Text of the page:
Perhaps one of the greatest skills of a photographer is the ability to adapt to the environment and lighting conditions. This shoot is a demonstration of how we can still create something gorgeous for our couples even when light is less than ideal.
Daniel and Christina had a wonderful Armenian ceremony just before Christmas 2022. It was a dark, rainy day, and the ceremony finished just as the sun was setting. I had to come up with an out-of-the ordinary plan for the couple’s photography.
Indeed, I love colour photography as well as natural light. However, there are cases where none of this is possible. When this happens creativity and storytelling take precedent. With the use of a narrative that speaks to the heart of both the couple and the photographer, we can create something out-of-the-ordinary and extraordinary.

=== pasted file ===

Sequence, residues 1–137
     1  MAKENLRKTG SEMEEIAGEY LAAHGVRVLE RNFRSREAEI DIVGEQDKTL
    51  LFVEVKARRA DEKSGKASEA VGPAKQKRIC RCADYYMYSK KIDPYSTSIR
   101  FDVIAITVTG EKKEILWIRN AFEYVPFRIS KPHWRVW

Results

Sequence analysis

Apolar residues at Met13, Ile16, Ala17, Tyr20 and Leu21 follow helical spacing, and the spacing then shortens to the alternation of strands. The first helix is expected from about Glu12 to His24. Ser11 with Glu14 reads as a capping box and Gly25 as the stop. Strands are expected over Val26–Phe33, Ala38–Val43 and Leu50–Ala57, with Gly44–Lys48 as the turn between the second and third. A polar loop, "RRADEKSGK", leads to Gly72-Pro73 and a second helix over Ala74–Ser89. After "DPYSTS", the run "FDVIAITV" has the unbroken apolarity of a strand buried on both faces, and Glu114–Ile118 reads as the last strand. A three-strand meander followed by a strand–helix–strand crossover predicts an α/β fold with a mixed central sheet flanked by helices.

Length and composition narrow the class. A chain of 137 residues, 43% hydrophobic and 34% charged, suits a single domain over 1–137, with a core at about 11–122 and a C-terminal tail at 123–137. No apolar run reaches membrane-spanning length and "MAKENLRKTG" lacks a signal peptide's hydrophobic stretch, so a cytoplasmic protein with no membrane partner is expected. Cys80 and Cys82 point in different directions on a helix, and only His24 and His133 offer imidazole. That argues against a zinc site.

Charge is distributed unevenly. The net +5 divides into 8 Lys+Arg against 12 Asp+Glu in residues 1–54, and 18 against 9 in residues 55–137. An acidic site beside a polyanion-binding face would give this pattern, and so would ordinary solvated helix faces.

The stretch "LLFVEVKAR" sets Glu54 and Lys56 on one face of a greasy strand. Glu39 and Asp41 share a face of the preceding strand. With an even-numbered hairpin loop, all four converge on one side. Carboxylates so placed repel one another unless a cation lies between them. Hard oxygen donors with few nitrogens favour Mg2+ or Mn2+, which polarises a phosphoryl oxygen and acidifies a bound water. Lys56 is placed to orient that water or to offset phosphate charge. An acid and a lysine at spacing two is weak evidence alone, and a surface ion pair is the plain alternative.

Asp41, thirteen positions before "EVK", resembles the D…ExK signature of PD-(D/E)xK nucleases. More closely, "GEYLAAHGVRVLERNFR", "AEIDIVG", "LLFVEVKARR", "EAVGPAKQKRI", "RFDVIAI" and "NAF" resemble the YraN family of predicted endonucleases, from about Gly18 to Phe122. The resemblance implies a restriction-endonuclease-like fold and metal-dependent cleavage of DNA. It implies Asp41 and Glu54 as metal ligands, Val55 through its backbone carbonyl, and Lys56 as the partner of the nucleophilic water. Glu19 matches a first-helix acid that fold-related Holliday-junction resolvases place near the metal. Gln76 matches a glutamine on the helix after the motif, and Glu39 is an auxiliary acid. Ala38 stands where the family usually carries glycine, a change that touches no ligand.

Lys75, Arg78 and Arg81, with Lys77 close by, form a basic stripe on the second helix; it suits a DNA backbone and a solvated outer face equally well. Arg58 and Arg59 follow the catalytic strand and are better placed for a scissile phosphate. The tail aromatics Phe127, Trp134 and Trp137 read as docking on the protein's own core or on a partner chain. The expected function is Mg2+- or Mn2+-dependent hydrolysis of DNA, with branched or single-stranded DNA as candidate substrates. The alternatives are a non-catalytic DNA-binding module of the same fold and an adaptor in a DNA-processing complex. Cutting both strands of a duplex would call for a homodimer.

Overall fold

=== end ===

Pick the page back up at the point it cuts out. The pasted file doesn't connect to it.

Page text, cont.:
We chose a nearby upscale bar as the setting for our photoshoot and set to create a series of photographs with a neo-noir style: moody, dramatic, contrasty and emotive. The series was photographed on a GFX camera, which proved very capable in minimum light. I paired the camera with a series of classic lenses. We put together a storyline where the couple would be enacting a short story of them meeting and flirting in a New York upscale bar. The result is narrative-rich (maybe even more so thanks to black-and-white photography’s ability to magnify focus on the subject).
For me, this photoshoot was a reminder that a photographer is not defined by the colour palette of their photography but by the intention of their work. There is (of should be) so much more in our work than the superficial veneer of a photograph: meaning, and intention go far beyond than a specific colour palette, or even, the medium itself (e.g. film vs digital). In fact, the distinction is one of preference vs intention: I do not intent to photograph on analogue film and in available light – I simply prefer to. However, telling stories that reflect my couples’s unique personalities and encapsulate their unique connection is not a matter of choice, but of a promise. Promises are intended to be kept even when my preferred ways of bringing my vision to life are not available.